One of the most accomplished engineers I have had the privilege of interviewing was Mary L. Spaeth, a specialist in the field of laser optics.
Spaeth was a pioneer who discovered the world’s first “tunable” laser.
While researching ruby lasers at Hughes Aircraft Corp., Spaeth “came to believe that dyes would make excellent lasers.” Dyes are strongly colored chemicals that can be used to add color to a material, such as hair or cloth.
The NeXT GEN Team won the 2013 FIRST Lego League Global Innovation Award for developing a tool to help seniors pick up small objects, such as pills, using robotic technology.
As someone with a degree in engineering, I’ve noticed a peculiar fact. In the world of STEM (Science-Technology-Engineering-Math) engineering careers appear to be the ugly ducklings of the group.
There’s a lot of talk about teaching kids to code, which falls under math, computer science and technology. There’s also a huge emphasis in the media on biotech, space science, and environmental science.
Cities large and small are buying in to the Smart Cities movement, addressing the challenges of increasing urbanization using data and technology. Women in particular are prominently positioned as leaders in the movement, seeking to create more livable, efficient and sustainable cities through their technical, business and civic know-how.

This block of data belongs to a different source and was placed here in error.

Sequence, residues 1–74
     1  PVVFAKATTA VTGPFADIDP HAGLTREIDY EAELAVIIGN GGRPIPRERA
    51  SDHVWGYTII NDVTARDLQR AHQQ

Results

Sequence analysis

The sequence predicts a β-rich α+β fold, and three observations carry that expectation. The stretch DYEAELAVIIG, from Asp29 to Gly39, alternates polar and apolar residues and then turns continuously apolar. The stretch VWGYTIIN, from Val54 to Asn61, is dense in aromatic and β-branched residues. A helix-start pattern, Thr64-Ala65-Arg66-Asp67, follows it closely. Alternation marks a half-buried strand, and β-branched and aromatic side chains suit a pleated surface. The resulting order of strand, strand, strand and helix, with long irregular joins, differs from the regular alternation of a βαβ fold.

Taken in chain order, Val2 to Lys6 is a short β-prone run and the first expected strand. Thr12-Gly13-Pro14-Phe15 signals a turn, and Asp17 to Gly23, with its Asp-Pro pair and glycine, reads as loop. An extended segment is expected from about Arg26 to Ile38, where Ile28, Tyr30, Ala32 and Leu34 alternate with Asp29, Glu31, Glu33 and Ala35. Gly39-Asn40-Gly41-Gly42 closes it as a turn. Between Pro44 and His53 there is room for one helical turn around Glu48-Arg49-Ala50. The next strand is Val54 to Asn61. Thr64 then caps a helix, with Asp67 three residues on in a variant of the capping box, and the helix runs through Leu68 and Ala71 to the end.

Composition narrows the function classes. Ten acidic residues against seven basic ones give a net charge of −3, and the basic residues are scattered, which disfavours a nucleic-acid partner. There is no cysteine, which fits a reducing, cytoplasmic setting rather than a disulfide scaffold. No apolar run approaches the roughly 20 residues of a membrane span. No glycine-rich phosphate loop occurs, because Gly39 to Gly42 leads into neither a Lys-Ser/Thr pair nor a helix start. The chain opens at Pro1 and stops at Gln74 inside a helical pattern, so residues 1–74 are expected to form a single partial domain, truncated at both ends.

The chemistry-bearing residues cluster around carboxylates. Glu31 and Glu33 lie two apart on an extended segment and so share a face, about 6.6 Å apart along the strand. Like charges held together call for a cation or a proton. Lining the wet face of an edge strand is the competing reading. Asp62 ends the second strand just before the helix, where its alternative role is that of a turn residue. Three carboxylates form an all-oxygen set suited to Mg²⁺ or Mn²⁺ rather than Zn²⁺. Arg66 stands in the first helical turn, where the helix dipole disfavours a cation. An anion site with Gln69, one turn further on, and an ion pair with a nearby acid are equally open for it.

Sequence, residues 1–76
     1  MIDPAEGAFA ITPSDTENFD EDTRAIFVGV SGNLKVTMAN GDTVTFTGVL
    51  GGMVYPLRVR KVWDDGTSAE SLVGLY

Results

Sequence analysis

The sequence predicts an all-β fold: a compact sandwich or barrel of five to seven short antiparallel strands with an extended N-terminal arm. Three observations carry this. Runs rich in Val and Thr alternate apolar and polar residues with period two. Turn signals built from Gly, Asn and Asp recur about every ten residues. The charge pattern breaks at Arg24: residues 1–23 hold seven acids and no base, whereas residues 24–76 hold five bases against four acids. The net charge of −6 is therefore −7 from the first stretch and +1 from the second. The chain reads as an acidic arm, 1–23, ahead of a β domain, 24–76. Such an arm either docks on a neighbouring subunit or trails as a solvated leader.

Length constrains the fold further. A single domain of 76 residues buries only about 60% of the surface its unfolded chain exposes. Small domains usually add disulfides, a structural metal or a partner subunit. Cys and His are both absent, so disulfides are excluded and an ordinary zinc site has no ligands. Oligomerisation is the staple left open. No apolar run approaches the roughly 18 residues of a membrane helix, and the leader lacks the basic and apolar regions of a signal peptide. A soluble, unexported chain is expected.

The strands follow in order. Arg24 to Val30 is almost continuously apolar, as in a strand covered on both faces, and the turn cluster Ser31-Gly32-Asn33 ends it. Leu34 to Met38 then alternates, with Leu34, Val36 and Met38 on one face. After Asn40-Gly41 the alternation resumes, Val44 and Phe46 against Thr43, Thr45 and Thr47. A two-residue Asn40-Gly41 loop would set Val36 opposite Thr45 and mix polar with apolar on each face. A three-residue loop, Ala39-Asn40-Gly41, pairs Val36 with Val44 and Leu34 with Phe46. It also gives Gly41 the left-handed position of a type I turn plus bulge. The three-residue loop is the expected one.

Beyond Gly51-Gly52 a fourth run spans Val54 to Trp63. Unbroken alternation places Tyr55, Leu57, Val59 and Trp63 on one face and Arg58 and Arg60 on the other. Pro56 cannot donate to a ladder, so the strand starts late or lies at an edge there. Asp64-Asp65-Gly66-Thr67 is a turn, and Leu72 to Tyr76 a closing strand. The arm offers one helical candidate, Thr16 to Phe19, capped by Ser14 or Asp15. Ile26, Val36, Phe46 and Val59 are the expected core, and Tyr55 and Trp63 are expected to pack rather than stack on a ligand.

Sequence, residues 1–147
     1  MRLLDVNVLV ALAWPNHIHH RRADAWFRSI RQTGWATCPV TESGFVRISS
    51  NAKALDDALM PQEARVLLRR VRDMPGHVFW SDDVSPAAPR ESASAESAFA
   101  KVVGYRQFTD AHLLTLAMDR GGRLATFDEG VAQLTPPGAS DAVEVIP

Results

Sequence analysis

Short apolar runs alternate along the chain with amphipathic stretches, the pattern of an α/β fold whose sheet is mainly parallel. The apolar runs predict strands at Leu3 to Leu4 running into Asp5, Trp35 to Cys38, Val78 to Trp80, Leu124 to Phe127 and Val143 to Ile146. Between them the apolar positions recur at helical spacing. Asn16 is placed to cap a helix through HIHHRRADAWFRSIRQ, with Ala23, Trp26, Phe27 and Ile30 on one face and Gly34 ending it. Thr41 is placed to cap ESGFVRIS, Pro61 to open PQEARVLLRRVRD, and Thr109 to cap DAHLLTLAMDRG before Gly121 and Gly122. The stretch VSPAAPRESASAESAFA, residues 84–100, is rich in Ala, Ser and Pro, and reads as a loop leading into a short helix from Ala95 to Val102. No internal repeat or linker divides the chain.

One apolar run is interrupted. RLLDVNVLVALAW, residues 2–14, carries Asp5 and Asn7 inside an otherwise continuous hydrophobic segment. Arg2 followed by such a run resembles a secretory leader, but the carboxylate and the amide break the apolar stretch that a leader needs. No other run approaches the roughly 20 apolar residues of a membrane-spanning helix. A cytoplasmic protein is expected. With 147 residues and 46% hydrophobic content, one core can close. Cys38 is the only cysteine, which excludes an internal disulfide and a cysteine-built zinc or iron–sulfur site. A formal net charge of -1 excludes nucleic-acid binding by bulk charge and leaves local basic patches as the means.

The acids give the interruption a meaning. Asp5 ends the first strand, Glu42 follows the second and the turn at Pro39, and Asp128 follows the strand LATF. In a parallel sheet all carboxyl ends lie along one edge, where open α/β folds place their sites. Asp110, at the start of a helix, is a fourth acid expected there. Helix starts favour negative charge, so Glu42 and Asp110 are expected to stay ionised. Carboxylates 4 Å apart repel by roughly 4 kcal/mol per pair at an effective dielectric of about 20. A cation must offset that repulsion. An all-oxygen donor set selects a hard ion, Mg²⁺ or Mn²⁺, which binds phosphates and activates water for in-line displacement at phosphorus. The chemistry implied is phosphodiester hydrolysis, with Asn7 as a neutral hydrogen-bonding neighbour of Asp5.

As more and more people flood into cities worldwide, local governments are being called upon to help provide more services such as healthcare, economic development, infrastructure and safety to their burgeoning populations.
At the same time, the state of technology multiplies exponentially the amount of data being collected—as well as the possibilities of what can be done with this data. Continue reading →
Alessandra Luchini, a Ph.D. and assistant professor at George Mason University, has helped to invent a “nanoparticle trap” which allows scientists to detect unhealthy cells much sooner than before. When found early, cancer and other diseases are easier to treat, giving patients a better chance for survival.
Recently, Luchini gave a lecture on “Nanotechnology in Biomedicine” as part of Mason’s Vision Series at the Hylton Performing Arts Center in Manassas, Virginia. Continue reading →
In this fourth and final post celebrating Women’s History Month, I will highlight another AT&T scientist who I was privileged to cover early in my career as a writer. Though I worked in Media Relations at AT&T Bell Laboratories from 1987 to 1990, I did not meet Leslie Guth until after I had left the Labs to begin freelancing.
Then, in 1991, I interviewed her for an article in Woman Engineer magazine. Guth had arrived at the Bell Labs Engineering Research Center in 1984, fresh from earning her Ph.D. in Materials Science and Engineering Continue reading →